She emphasizes the importance of using persuasive language to communicate economic ideas effectively and to persuade others to accept them. Deirdre McCloskey challenges the traditional view of economics as a purely scientific discipline by emphasizing the role of rhetoric, narrative, and cultural factors in shaping economic ideas and outcomes.
She recognizes the persuasive power of storytelling and the influence of societal values on economic behavior. McCloskey also highlights the significance of considering the social and political contexts in which economic ideas are developed and disseminated, rejecting the notion of economics as an isolated science.
Moreover, she advocates for an interdisciplinary approach that incorporates insights from various fields, enriching economic analysis with a broader understanding of human behavior and societal influences.
One of McCloskey’s most significant contributions to the field of economics is her work on the “Great Enrichment.” In 2010, she published Bourgeois Dignity: Why Economics Can’t Explain the Modern World, in which she argues that the rhetoric shifted from a predominantly negative view of commerce and trade to a more positive and appreciative perception.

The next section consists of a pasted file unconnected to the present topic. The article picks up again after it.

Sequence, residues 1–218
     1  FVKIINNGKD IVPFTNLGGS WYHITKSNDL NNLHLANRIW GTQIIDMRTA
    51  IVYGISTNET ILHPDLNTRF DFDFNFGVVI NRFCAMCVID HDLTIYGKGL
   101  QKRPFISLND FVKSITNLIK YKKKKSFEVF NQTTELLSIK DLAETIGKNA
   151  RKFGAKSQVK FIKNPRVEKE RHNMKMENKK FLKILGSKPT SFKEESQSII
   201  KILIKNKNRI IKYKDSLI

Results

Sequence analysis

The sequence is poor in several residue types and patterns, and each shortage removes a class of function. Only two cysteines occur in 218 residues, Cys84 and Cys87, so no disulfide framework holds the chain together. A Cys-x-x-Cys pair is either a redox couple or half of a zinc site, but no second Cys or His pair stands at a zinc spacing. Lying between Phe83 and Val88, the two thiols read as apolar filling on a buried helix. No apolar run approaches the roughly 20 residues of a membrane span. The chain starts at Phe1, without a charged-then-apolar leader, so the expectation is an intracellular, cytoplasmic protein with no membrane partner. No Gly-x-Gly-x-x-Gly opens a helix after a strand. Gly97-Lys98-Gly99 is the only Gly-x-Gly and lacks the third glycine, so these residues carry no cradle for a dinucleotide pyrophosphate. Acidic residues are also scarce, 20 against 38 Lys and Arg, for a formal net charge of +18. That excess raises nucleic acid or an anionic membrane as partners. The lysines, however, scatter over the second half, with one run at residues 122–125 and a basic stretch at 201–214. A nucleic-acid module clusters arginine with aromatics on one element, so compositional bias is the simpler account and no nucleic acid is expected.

Prior to the Industrial Revolution, there was a prevailing belief that wealth was finite and that one person’s gain came at the expense of others. Business and entrepreneurial pursuits were often seen as exploitative or morally inferior compared to traditional activities such as agriculture or land ownership.
However, during the 17th and 18th centuries, a new narrative emerged that celebrated the role of business, innovation, and entrepreneurship in driving economic progress and societal well-being. The rhetoric began to emphasize the positive contributions of the bourgeoisie and their economic activities. Instead of viewing business as a zero-sum game, it started being seen as a positive-sum endeavor, where entrepreneurial success could benefit not only individuals but also society as a whole.